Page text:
The Bartlett Development Planning Unit


The DPU remembers Jockin Arputham

15 October 2018

The DPU are saddened to hear the news that SDI president Jockin Arputham passed away over the weekend.


Jockin Arputham founded the National Slum Dwellers Federation in India and was president of Slum/Shack Dwellers International (SDI), with a career as an activist against inequality, displacement, and for more inclusive urban development that spanned half a century.

Jockin negotiated hard to improve the lives of millions across the globe, and was a great source of inspiration for many of us at the DPU who are working for a more socially just urban development.

He was was born in 1946 in Kolar Gold Fields, near Bangalore in the south of India, spending much of his early life there with his family. He moved to Mumbai in 1963 to become a carpenter, living in the Janata ‘slum’ community. It was here that he became involved in mobilising residents to fight eviction.

Following the founding of the Federation in 1975, Jockin went on to ally this with Mahila Milan, the Indian federation of women slum and pavement dweller savers. He lived in slums for most of his adult life, working first in Mumbai and then across the world, encouraging and supporting federations of slum residents to improve the quality of their lives.  He worked for more than 40 years building representative organisations into powerful partners with governments and international agencies for the betterment of urban living.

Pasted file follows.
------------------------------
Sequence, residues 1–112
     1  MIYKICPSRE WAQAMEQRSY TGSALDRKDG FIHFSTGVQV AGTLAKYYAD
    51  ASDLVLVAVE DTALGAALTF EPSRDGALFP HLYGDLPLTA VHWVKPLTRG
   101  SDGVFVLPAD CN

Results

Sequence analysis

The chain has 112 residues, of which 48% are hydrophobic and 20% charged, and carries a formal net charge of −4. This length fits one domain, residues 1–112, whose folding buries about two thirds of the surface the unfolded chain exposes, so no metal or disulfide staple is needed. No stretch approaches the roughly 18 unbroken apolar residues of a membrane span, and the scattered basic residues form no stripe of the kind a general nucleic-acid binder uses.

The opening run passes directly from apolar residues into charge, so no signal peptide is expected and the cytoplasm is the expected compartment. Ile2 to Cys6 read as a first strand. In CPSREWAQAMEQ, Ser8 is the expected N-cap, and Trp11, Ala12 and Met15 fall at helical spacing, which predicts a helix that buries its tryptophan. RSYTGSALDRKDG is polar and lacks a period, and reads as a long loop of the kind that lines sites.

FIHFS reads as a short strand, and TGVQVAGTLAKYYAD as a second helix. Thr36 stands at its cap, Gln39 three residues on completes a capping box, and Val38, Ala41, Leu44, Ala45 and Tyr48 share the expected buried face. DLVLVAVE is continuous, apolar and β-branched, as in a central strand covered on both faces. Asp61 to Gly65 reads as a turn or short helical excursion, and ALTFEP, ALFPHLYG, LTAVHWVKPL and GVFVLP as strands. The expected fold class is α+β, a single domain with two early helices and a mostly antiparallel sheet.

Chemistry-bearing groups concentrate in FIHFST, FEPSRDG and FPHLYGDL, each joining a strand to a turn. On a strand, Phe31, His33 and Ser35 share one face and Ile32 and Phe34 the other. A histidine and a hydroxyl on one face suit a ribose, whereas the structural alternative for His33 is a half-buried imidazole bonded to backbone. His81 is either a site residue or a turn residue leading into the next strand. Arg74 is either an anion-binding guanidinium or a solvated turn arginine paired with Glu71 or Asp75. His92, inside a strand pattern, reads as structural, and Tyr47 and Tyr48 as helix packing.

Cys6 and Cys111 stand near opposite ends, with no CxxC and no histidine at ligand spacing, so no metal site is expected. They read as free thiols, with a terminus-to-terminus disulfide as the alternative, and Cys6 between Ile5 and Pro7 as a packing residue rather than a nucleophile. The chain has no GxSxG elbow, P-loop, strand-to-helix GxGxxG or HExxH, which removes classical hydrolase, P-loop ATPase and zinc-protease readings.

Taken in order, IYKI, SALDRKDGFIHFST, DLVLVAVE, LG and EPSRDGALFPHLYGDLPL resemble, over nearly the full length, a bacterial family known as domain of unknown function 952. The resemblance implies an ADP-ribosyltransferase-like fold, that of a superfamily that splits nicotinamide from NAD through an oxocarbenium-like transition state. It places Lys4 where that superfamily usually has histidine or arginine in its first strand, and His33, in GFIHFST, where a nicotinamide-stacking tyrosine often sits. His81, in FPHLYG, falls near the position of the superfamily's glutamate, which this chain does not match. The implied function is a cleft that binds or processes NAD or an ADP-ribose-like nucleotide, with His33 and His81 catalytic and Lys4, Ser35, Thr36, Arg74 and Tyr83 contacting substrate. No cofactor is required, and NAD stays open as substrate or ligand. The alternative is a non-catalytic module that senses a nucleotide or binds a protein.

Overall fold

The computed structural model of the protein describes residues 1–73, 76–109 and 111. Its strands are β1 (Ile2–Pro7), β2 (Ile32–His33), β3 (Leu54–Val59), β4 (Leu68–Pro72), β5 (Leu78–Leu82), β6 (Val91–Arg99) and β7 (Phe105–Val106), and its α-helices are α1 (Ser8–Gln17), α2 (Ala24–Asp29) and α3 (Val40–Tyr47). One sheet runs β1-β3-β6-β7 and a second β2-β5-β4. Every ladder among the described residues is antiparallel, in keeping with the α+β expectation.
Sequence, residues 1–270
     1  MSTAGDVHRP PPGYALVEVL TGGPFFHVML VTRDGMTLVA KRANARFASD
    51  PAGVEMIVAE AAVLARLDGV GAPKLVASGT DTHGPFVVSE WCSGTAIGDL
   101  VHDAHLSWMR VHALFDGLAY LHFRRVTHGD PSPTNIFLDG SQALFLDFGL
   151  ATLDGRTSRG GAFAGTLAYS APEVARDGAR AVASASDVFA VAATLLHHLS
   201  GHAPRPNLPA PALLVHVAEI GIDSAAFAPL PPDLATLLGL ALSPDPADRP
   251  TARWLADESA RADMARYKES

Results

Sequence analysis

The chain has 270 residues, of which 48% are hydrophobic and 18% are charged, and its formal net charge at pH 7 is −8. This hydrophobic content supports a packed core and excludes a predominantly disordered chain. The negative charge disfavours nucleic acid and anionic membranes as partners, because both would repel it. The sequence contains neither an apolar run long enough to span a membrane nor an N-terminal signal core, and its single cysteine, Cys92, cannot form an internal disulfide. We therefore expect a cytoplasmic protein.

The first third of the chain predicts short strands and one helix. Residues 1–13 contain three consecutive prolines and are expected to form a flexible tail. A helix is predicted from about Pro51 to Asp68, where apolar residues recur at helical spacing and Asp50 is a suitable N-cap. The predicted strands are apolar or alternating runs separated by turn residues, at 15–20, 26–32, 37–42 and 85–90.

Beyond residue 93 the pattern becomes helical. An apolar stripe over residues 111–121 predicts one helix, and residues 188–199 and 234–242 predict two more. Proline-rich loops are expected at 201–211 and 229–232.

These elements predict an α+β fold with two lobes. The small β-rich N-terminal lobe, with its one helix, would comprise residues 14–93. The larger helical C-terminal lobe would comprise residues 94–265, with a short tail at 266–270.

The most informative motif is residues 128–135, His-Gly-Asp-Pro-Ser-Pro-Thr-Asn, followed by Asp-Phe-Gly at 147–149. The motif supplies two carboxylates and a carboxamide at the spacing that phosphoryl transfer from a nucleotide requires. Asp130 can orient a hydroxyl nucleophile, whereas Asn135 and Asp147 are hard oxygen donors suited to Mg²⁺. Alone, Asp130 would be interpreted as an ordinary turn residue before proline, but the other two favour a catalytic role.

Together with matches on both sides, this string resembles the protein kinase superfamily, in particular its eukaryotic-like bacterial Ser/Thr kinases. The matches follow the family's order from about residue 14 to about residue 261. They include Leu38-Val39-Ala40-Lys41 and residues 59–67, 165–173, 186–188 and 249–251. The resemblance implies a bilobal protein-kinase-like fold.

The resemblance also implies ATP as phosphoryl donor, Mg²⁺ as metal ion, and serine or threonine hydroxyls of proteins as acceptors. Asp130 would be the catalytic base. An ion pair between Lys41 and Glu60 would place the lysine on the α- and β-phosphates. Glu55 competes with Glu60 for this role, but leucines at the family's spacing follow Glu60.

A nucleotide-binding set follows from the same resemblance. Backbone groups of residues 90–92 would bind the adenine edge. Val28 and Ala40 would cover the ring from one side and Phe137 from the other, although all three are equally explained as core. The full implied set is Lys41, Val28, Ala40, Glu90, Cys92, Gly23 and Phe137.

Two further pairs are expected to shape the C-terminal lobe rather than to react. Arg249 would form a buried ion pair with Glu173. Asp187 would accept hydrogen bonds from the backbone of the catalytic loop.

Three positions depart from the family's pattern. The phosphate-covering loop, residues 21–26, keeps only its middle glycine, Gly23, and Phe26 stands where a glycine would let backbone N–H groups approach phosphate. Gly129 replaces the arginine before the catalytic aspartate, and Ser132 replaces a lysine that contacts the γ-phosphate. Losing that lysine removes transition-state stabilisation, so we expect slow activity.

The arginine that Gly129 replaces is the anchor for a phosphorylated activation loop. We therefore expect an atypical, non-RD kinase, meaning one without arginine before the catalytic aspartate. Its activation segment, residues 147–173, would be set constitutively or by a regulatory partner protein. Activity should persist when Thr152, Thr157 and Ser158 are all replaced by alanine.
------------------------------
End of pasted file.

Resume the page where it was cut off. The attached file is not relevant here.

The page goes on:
In 2014 Jockin and SDI were nominated for the Nobel Peace Prize in a bid put forth by Swedish Minister for Public Administration and Housing Stefan Attefall. The nomination was a recognition their commitment to the struggle against urban inequality through the organisation of the poorest of the poor, primarily women, in cities.

More about Arputham's work can be found in this Environment & Urbanization paper. The paper describes his life and work plus the many different methods he has used to fight eviction and get government support for people-centred development over the past 40 years.

Photo: Abhijit Bhatlekar/Mint